On any warmer autumn days that come our way, be on the lookout for strange floating objects (or swarms) in local woods and fields. These swarms contain filmy white insects with blue bottoms! Some people affectionally call them blue-bottom bugs. To me, these ethereal creatures look like something Dr. Seuss created. They are really named woolly aphids and are well worth reading about on a computer site called Bug Facts. I’ve lived for many years and am always learning about natural things, but somehow these aphids escaped my attention until recently.
The adult woolly aphid moves about in a swarm of others of its kind. Theses swarms are looking for a host plant on which to place their eggs. Flocks of winter birds seek out these eggs in order to stay alive through the winter. Each part of the woolly aphid’s life is bizarre and interesting to read about and proves there is always something new under the sun to learn about. The woolly aphid is a prize.
Chickadees outside my bedroom window have been searching carefully for insect eggs. They are very busy at the project. From the first time I had a chickadee eat from my hand, it became my favorite small bird. The feeling of having this tiny wild bird grasping your finger with its small, delicate feet is unforgettable.
It takes time and trusting on their part to come sit on your finger, but it is an amazing experience and always remembered.
Here on MDI, it is the black-capped chickadee that is seen regularly. Only occasionally do we get to see the brown-capped chickadee.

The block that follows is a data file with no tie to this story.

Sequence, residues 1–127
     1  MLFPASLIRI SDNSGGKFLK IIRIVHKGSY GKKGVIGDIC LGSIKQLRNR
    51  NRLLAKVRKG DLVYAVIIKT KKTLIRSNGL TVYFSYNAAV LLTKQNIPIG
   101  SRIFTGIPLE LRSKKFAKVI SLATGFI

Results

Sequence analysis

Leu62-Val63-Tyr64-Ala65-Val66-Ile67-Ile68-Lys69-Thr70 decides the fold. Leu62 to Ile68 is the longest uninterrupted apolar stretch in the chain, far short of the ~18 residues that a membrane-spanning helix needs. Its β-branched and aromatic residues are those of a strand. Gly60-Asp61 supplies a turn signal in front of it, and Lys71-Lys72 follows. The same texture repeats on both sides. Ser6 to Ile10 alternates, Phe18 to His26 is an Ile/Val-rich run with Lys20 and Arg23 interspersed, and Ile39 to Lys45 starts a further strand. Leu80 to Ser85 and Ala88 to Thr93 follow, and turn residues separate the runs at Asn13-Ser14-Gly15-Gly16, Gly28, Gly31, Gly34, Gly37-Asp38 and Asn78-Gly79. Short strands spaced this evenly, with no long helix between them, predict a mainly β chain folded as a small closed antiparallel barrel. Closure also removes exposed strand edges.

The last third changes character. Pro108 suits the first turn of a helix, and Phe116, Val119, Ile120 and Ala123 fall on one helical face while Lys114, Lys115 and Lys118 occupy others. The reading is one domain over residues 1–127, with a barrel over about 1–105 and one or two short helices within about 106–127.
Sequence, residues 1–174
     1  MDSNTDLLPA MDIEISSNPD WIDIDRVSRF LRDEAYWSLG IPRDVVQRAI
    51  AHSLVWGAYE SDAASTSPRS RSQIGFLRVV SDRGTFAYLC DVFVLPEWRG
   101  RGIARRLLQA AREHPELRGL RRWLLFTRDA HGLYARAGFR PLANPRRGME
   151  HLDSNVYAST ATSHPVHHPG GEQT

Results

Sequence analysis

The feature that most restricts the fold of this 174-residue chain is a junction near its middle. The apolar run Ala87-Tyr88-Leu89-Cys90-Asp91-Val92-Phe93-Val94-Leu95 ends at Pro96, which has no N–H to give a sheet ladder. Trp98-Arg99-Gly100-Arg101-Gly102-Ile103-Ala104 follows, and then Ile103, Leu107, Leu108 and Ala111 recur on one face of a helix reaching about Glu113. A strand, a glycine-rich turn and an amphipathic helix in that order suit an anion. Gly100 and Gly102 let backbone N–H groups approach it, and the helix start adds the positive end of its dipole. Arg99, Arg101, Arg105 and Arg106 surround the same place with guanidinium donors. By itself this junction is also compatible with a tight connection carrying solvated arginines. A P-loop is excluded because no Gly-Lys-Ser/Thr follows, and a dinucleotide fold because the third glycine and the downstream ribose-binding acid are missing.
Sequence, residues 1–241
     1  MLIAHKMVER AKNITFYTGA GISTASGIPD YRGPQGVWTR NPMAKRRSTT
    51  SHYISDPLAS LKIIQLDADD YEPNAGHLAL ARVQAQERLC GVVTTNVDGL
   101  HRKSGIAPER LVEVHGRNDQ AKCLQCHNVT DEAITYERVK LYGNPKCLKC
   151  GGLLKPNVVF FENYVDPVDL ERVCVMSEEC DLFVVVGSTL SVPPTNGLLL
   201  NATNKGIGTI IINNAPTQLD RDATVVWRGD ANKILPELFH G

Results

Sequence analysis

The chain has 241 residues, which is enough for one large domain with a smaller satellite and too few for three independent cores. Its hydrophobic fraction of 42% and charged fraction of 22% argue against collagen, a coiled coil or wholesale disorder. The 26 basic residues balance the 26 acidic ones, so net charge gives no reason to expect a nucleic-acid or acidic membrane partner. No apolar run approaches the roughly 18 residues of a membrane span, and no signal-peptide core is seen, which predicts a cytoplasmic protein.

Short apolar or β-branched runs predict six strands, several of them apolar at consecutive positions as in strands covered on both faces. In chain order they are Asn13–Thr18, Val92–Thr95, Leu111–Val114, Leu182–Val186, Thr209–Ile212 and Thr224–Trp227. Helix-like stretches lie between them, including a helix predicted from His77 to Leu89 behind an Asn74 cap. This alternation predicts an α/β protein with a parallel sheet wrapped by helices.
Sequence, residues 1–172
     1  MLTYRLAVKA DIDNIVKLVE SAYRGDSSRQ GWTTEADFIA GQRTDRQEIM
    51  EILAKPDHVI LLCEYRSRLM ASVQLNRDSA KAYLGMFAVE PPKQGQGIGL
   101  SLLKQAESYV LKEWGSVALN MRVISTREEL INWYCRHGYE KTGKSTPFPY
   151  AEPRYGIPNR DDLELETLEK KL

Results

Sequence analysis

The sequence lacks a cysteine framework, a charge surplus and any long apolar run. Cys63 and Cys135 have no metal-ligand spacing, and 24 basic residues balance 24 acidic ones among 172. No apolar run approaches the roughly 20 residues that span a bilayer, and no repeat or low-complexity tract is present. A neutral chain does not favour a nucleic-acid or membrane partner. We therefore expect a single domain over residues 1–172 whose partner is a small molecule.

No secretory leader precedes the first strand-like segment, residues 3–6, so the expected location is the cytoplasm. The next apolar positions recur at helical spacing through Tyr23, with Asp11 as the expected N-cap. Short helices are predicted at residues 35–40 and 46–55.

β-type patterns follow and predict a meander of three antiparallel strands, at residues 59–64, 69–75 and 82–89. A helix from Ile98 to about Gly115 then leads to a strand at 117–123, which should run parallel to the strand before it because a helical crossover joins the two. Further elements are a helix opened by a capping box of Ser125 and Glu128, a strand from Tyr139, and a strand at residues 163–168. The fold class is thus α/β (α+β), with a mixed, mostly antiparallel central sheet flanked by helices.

A friend hiking on a local mountain was surprised to find a garter snake out and about. To keep warm, most snakes disappear in groups down in the ground as days and nights get colder, except for the garter snake. It has more tolerance for the cold than the others, sort of like having built-in antifreeze. I have actually seen them in the snow on a sunny day.
We tend to think that the exodus of tropical bird visitors means that they return to beautiful tropical wonderlands pictured in travel ads. On my birding trips to Costa Rica, Mexico, Guatemala, Trinidad, Tobago and Peru, we found the best birding locations were at hotel dump sites. In spite of the trash accumulation, the plants and trees surrounding the dumps were the places to see birds. The hotels take the best scenic spots and cut a lot of the vegetation so the best sites for tropical birds are around the dump.
Our resident beavers are now busy preparing for winter. Their lodges are more visible as the leaves fall from the trees along the shore of their ponds. Beavers usually make a sizeable lodge, although, at times, an individual will prefer a tunnel in the bank. A beaver’s dam, lodge and canal are all remarkable accomplishments, and watching beavers at work is very fascinating,
These mammals need a deep pond to permit a good winter food pile and water that does not freeze to the bottom. Inside a beaver’s lodge, there is a dry platform for sleeping and an area for food to be dragged inside and eaten. Beaver canals can be long and are made to transport branches to the lodge. Autumn is a busy time for these creatures.
Beavers will mate during the winter and babies will be born three months later. Even though they are well developed at birth with fur and open eyes, these babies will stay in the lodge for a month. Man is their worst predator.
Send any questions or observations to [email protected].